You have the right to join a union, and your employer cannot influence your decision. Our Support in the Workplace page has more information about unions.
Your employer may ask you to do a 90-day trial in a new job. You do not have to agree to a trial period. If you do agree, you must have a written agreement before you start work. If you want to negotiate, talk to your employer before you sign the contract. Note that only employers with less than 20 employees can use trial periods.
The Employment New Zealand website has more information about trial periods.
Leave and holidays
Most New Zealand workers would tell you they get a good amount of leave, at least by international standards. This is great given you have a new country to explore, and may need to go back home to visit family.
You will get a minimum of four weeks' annual leave. You can ask to exchange one week’s leave for cash if you want. In addition, there are 11 public holiday days.
If you work on a public holiday, your employer has to pay you extra. You may also be able to take the holiday on another day - it is called “taking a day in lieu”.
You are also entitled to a certain amount of paid leave for other reasons, for example if you are sick.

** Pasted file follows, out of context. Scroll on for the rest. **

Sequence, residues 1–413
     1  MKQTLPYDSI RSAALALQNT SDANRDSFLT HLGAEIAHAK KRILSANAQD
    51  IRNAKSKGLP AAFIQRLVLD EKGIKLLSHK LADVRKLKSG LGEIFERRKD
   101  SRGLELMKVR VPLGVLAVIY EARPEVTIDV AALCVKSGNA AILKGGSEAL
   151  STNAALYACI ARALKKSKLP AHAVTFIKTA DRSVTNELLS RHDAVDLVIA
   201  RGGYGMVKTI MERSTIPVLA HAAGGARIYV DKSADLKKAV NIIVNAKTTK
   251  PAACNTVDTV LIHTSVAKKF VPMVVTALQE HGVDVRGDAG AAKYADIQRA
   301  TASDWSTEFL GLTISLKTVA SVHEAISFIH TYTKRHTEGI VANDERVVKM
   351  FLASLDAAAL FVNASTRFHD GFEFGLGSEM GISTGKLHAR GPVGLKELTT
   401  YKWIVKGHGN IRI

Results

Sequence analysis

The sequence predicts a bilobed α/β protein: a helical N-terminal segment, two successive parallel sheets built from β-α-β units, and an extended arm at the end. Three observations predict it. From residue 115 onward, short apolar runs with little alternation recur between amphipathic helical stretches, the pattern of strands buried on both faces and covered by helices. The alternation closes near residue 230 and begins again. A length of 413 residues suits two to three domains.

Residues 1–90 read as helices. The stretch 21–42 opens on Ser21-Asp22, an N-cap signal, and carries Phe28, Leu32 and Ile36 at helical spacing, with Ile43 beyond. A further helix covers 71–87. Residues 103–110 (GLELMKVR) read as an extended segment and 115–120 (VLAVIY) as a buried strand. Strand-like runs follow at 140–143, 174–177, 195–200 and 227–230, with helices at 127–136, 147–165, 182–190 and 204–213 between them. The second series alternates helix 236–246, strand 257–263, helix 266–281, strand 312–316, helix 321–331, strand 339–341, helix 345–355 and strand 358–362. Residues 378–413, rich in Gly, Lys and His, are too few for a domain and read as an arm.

Check your passport and visa before going overseas on holiday
Thinking of taking a holiday overseas? Before you book anything, check if your passport is up to date and what travel your visa type will allow.
Leave and rights for working parents
New Zealand employers, and society in general, are supportive of working parents.
Many new parents are entitled to paid parental leave of up to 22 weeks. The government plans to extend this to 26 weeks by 2020.
If your child gets sick, you can use your sick leave entitlement to look after them. This type of leave is called domestic leave and can be used to care for any dependent family member.
Health and safety in the workplace
You and your employer are both responsible for making sure your workplace is a safe environment.
For more information about your health and safety rights and responsibilities at work, visit the Work Safe and Community Law websites.
Wages and deductions
The minimum wage (before tax) for adults as at 1 April 2019 is $17.70 an hour, or $708 for a standard 40-hour work week. There is no minimum wage for children under 16.